China’s now the largest market for the web. But the most significant part of The Channel Wire’s post is that China is just getting started. 81% of Chinese people still don’t use the internet, while most Americans are already on the grid.
73 million are mobile users. Music and IM are the most popular ways the Chinese use the web.
The internet’s new world
The world map of internet use is being rewritten. Sheer population size will drive the opportunity in the future as adoption rates resemble those of the electrical grid.
And while Chinese, Indian and Brazilian consumer storage consumption is not high today, video consumption and the low cost of terabytes means that storage growth will outpace even the internet.
Will these countries choose the Cloud or their homes to keep their content? The jury’s still out.
Where do you think they will keep their stuff?
Internet storage conveys raw and tasty digital content to the masses
I had an absolutely fabulous lunch for less than $10 in Tokyo. I love sushi, and the cheapest raw fish in Japan tastes far better than anything I can get at home in Minnesota. If you haven’t been to a conveyor belt sushi restaurant, I highly recommend it – as much for the sights and sounds as the food.
Because of that funky conveyor belt, this place is able to feed huge volumes of people great food at a great price.
The internet does the same for the world’s collective creative talent. We can take whatever we want off of the digital conveyor belt – a direct connection to the best the world can turn into ones and zeroes. And today’s high capacity storage systems make it all possible.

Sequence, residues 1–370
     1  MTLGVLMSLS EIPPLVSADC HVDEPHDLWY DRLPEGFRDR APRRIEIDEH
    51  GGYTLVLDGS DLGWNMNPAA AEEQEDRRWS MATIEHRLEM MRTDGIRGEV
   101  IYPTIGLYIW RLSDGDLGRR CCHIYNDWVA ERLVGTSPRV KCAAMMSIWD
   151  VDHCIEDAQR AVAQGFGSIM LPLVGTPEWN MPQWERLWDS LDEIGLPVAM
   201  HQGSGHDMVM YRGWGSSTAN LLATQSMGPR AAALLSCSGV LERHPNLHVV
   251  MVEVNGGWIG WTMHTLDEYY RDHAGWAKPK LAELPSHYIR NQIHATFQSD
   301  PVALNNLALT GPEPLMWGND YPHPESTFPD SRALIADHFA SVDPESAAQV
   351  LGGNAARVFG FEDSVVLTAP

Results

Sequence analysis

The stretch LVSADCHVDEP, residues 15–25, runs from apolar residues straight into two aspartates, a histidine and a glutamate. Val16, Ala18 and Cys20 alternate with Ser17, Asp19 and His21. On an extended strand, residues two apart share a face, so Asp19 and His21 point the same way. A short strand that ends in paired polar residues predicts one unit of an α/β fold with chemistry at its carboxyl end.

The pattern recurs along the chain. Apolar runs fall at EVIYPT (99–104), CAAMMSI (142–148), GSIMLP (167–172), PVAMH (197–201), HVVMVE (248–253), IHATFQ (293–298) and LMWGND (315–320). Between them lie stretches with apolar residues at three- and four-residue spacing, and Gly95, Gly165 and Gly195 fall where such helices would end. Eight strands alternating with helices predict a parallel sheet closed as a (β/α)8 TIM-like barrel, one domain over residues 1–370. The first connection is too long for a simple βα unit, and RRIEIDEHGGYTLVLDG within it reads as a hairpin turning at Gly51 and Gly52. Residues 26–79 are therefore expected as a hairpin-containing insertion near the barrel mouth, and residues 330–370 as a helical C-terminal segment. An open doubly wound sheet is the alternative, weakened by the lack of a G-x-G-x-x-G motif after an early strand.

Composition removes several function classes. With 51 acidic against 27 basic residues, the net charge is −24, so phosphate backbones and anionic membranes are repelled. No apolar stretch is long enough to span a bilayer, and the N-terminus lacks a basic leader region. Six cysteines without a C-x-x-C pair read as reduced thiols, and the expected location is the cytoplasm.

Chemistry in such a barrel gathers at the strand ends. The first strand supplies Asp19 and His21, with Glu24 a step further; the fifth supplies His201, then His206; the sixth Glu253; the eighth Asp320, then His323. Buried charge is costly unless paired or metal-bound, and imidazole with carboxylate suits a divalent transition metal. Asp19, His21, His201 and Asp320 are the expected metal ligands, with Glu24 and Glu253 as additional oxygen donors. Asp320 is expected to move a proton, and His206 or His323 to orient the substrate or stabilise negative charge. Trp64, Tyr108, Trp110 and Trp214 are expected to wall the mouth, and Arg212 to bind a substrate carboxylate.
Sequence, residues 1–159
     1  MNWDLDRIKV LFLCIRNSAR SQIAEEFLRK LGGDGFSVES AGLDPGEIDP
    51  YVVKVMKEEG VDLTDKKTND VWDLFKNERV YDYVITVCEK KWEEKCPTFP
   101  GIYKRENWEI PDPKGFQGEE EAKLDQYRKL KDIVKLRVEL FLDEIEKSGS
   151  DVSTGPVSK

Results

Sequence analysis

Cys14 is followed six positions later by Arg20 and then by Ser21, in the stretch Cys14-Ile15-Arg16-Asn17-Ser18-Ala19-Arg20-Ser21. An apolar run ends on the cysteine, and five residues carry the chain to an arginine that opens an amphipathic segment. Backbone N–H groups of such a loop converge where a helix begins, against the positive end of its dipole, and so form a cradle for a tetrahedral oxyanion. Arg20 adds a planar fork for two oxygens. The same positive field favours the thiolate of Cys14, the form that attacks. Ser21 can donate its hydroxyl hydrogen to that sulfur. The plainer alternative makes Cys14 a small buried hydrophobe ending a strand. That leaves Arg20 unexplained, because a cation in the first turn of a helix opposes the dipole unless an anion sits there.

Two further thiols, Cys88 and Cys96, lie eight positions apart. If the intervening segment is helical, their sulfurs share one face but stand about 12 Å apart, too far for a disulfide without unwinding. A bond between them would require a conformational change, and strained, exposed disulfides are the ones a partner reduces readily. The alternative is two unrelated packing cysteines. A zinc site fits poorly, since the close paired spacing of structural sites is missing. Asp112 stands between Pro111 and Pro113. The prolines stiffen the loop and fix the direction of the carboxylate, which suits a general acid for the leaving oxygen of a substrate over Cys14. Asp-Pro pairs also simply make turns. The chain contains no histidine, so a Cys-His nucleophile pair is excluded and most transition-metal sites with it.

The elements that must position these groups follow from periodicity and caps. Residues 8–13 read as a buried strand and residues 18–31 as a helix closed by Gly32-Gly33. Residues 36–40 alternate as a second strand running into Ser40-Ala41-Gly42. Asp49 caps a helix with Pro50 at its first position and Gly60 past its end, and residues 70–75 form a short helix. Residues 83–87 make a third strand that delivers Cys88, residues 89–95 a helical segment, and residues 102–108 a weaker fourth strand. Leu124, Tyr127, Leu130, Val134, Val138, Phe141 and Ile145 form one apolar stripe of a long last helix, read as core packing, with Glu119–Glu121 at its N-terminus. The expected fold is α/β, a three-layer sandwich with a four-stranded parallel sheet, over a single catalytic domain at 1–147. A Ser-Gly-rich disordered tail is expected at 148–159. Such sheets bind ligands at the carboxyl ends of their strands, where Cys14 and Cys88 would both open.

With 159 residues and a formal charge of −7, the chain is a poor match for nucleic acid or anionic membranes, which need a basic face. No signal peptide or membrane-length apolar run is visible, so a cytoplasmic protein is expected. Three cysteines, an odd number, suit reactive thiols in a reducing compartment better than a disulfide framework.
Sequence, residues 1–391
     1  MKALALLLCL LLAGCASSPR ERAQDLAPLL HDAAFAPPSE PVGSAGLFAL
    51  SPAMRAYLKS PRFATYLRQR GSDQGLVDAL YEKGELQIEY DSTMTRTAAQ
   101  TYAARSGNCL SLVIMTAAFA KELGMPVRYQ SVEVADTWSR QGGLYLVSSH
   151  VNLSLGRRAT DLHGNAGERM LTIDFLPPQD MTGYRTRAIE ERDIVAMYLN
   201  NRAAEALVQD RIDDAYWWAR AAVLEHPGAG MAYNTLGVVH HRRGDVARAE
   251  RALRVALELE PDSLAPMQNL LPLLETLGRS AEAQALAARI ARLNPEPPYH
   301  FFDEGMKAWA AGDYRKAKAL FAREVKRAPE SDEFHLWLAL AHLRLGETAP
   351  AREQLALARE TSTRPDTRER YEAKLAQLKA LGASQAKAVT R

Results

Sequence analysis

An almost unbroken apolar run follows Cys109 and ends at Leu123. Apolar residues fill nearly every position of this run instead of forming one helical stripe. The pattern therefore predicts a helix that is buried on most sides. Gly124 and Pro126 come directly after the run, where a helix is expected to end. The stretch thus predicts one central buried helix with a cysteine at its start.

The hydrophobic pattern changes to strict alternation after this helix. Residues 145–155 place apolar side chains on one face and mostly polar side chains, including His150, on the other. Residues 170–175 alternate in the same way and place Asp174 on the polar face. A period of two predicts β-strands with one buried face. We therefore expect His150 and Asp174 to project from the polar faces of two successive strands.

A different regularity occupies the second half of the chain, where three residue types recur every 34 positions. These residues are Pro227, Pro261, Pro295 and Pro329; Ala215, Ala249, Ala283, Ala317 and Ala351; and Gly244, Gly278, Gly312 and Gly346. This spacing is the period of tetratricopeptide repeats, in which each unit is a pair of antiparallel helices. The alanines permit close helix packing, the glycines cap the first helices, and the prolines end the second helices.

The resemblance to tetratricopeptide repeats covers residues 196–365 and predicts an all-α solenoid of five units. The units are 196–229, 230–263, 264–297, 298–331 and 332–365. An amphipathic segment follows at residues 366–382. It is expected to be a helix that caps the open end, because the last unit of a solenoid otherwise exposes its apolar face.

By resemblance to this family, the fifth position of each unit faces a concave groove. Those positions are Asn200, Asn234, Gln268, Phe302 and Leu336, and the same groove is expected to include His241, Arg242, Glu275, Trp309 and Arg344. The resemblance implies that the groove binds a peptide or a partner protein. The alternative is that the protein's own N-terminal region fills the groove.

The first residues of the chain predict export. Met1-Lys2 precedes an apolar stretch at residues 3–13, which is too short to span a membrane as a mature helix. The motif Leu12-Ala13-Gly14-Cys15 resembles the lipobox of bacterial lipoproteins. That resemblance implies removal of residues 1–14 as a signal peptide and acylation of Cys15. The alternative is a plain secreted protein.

The sky’s the limit for content storage
What’s happening with content in the clouds makes 1 TB drives seem downright inadequate. It may seem like there’s a lot online now, but volume will grow even faster in the future. Do you know it takes 720 gigabytes to store one movie for Panasonic’s futuristic 150″ TV?
The storage industry will have its hands full making room for our insatiable digital appetite.
Now if I could just find some sushi online…
The Internet infrastructure is incredibly storage dense, and will become even more so
Historically, “infractructures” have been a means to get from here to there: railways, waterways, highways, pipelines, powerlines, phone lines. The build-out of the internet infrastructure looks different in one aspect: beyond the broadband “pipes”, there is a massive and growing storage base, housed in data centers, that accounts for a major part of this infrastructure’s investment.
The trend will continue as the pipes get bigger and the content gets “heavier” from higher resolution video content and growing message sizes. The internet relies on storage as much as connections. Keep your eyes peeled for growing opportunity with a “pure bytes” play in your solutions.
On a related note, Seagate was part of the UK Internet Awards the other night – congrats to UKFast, winner of the Seagate-sponsored Best Dedicated Hosting Award. UKFast is a great example of making the most of the newest infrastructure.